In JC Ryan EBCO/H & G, LLC v. Lipsky Enterprises, Inc., the Appellate Division, Second Department, reaffirmed the now well established princple that a "pay-when-paid" clause in New York, which forces the subcontractor to assume the risk that the owner will fail to pay the general contractors is "void and unenforceable as contrary to public policy" as set forth in Lien Law Secdtion 34.
For those of you that are unfamiliar with the pay-when-paid concept, the clause usually states something along the lines of "payment to subcontractor shall not be due until general contractor receives payment from the owner and subcontractor understands that payment to the general contractor is a condition precedent to payment to the subcontractor." There are many variations of the clause but they all generally follow those ideas.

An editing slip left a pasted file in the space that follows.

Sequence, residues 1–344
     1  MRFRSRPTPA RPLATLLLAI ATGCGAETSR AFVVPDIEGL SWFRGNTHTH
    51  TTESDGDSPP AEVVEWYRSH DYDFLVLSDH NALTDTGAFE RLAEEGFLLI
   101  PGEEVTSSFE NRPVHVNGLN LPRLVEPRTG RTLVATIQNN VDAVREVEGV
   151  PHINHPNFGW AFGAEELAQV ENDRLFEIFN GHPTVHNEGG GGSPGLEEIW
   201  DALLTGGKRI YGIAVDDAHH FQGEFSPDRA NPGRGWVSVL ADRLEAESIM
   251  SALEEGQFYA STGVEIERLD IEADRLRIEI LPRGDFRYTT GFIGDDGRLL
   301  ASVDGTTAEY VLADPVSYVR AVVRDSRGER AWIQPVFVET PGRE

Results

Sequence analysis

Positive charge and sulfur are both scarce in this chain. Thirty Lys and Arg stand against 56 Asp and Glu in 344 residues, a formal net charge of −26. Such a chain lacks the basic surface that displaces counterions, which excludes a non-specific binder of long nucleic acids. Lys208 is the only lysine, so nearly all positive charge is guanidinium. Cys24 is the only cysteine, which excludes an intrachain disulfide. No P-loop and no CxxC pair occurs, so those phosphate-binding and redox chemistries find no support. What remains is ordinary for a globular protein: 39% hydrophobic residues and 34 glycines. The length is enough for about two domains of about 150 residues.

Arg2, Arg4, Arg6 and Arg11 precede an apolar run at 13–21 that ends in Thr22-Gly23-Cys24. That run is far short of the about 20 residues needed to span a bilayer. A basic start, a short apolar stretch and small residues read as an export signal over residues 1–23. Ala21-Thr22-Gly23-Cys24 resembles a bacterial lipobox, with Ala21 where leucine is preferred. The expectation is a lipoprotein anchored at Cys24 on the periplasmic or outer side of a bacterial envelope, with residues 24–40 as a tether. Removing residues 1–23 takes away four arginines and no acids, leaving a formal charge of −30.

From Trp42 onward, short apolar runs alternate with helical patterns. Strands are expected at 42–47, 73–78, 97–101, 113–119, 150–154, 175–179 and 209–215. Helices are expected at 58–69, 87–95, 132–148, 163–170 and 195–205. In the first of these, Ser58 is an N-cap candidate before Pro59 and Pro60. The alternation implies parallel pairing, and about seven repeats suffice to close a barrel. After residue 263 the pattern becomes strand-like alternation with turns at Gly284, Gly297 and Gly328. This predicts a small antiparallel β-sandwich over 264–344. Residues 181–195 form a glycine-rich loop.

Note that some courts in New York have differentiated between pay-if-paid clauses and pay-when-paid clauses. The recent cases have held that a true pay-when-paid clause is enforceable if it is merely a timing mechanism for payment and does not pass the risk of non-payment on to the subcontractor.
Vincent T. Pallaci is a partner at the New York law firm of Kushnick Pallaci, PLLC where his practice focuses primarily on the area of construction law. He can be reached at (631) 752-7100 or email@example.com